Certificates of Origin
What is an ordinary Certificate of Origin?
A Certificate of Origin (CO) helps to attest the origin of goods. There are two types of COs, namely ordinary COs and preferential COs. An ordinary CO, also known as a non-preferential CO, is a trade document that helps to identify the origin of the good.
You may refer to this handbook for more information on the rules of origin for ordinary COs.
What is a preferential Certificate of Origin (PCO)?
A preferential CO allows your buyer to pay lower or no customs duty when you export your goods under a Free Trade Agreement or Schemes of Preferences. To check whether the goods are covered under the Free Trade Agreement or Schemes of Preferences and the preferential tariffs, you may refer to Enterprise Singapore’s Tariff Finder Tool to assist you.
These handbooks provide more information on the rules of origin for preferential COs issued under Free Trade Agreements and Schemes of Preferences:
Handbook on rules of origin for preferential Certificates of Origin
You may use the FTA Cost Statement Calculator for a preliminary assessment of the qualifying value content and/or Change in Tariff Classification status of your manufactured good under a specific Free Trade Agreement, after you have identified the applicable origin criterion(a) for the good under the Agreement.
Who can issue an Ordinary Certificate of Origin (OCO)?
Ordinary COs are issued by Singapore Customs or any of the following authorised organisations:
Apart from Singapore Customs, these authorised organisations do also issue ordinary COs for locally manufactured or processed goods, and goods from other countries which are re-exported from Singapore. However, they do not issue ordinary COs for the export of Singapore-origin textiles and textile goods to the United States of America.
All Preferential COs are issued only by Singapore Customs.
For more information on:
You are accountable as an exporter or declaring agent for the export of your goods. We encourage you to take note of the following Dos and Don’ts:
✔ Inform Singapore Customs if there is any change in your company’s particulars to ensure you receive timely updates on regulatory changes.
✔ Know the export procedures and declaration requirements before you export.
✔ Ensure you provide the necessary supporting documents and information for permit declarations to your declaring agents and freight forwarders.
✔ Ensure your declaring agents and freight forwarders understand and properly execute your instructions.
✔ Know the contents of each consignment you export and clarify with relevant parties if needed.
✔ Keep your supporting documents for a minimum of 5 years.
✔ Check with the relevant Competent Authority on their requirements to export controlled items.
✔ Ensure product details (for example, HS code, quantity) are correctly declared.
✔ Ensure you comply with all permit conditions stated in the permit.
✔ Ensure your driver or transport service provider produces the permit for endorsement at the checkpoint if the permit bears such a condition.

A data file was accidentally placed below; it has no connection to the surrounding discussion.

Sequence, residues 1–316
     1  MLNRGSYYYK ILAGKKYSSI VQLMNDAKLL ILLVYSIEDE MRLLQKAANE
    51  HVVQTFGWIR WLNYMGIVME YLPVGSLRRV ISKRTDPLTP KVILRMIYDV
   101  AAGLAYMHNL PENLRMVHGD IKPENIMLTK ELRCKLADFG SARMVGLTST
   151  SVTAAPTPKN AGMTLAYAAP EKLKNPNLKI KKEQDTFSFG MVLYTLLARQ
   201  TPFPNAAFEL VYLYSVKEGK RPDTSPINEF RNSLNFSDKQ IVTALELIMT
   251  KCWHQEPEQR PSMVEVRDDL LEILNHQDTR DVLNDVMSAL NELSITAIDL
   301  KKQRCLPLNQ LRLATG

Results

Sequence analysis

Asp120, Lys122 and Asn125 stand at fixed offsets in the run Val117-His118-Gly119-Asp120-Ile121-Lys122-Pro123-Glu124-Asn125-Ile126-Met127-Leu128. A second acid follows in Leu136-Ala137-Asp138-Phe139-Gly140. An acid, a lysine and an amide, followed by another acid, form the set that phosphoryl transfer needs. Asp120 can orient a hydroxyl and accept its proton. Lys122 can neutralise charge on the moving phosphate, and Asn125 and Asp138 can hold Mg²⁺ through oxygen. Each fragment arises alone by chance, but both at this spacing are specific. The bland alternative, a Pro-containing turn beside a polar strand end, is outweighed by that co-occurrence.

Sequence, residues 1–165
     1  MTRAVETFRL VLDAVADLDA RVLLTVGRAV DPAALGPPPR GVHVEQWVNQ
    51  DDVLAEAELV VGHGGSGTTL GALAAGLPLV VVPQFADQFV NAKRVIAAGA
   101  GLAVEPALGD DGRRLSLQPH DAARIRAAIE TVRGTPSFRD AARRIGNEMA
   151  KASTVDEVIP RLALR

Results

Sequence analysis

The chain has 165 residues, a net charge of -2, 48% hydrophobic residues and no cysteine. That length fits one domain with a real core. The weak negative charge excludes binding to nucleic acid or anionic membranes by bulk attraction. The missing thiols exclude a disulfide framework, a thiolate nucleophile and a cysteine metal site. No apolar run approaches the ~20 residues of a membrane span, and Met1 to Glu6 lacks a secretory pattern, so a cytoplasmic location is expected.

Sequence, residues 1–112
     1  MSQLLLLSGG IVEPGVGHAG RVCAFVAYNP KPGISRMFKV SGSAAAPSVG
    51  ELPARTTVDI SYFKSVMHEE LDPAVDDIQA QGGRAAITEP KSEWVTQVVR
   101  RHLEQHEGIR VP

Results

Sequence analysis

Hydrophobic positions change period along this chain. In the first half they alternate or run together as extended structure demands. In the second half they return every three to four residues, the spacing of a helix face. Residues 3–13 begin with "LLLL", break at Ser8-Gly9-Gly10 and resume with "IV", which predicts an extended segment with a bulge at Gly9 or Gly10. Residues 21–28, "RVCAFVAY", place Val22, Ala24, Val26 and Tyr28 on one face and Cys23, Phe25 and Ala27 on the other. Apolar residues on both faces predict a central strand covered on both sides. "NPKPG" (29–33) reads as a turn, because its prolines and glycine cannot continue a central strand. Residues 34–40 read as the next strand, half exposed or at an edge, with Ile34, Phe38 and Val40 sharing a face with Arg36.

✖ Deny Singapore Customs officers’ requests to enter your premises or to check your documents.
✖ Make a declaration without verifying the authenticity of all supporting documents.
✖ Declare that goods are of Singapore origin when they were only imported and re-exported from Singapore without qualifying for their origin status.
✖ Share your TradeNet user ID and password with other persons.
✖ Use your company’s UEN to export goods not belonging to you unless you are involved in taking the goods out of Singapore for export and are willing to declare yourself as the exporter on behalf of the party that issues the export invoice, or you are acting as a consolidator for customers without a UEN. In doing so, you are responsible for complying with all the regulatory requirements. Please refer to Customs Circular No. 12/2013 for more information on the responsibilities of an exporter.
Companies may be penalised under the Regulation of Imports and Exports Act (RIEA) if they do not comply with requirements relating to rules of origin.
Examples of common offences
Making a false declaration
- Deliberate false declaration of country of origin
- Declaring non-Singapore origin materials from local suppliers as Singapore-origin
Incorrect trade descriptions
- Affixing false labels of origin on textile goods
- Failure to retain documents for the minimum retention period
- Retaining supporting documents for preferential tariffs claimed under the US-Singapore Free Trade Agreement for 3 years instead of the minimum 5 years
For minor offences under the RIEA, Singapore Customs may offer to compound the offences for a sum not exceeding S$5,000 per offence. Offenders may be prosecuted if the offence committed is of a fraudulent or serious nature.
Penalties upon conviction for key offences
|Offence||Penalty Upon Conviction|
|Making a false declaration.
(Section 28(1)(a) of the RIEA)
Incorrect Trade Descriptions.
(Section 28A(1)(a) of the RIEA)
Failure to comply with requirements of the Director-General for the issue of preferential CO
(Regulation 24B(4) of the RIER)
|A fine not exceeding S$10,000, or imprisonment not exceeding 2 years, or both.
First conviction: A fine not exceeding S$100,000 or 3 times the value of the goods in respect of which the offence was committed, whichever is greater, or imprisonment for a term not exceeding 2 years or to both.
Second or subsequent conviction:A fine not exceeding S$200,000 or 4 times the value of the goods in respect of which the offence was committed, whichever is greater, or imprisonment for a term not exceeding 3 years or to both.
Learn more about the prescribed offences and penalties under the Customs Act and the RIEA.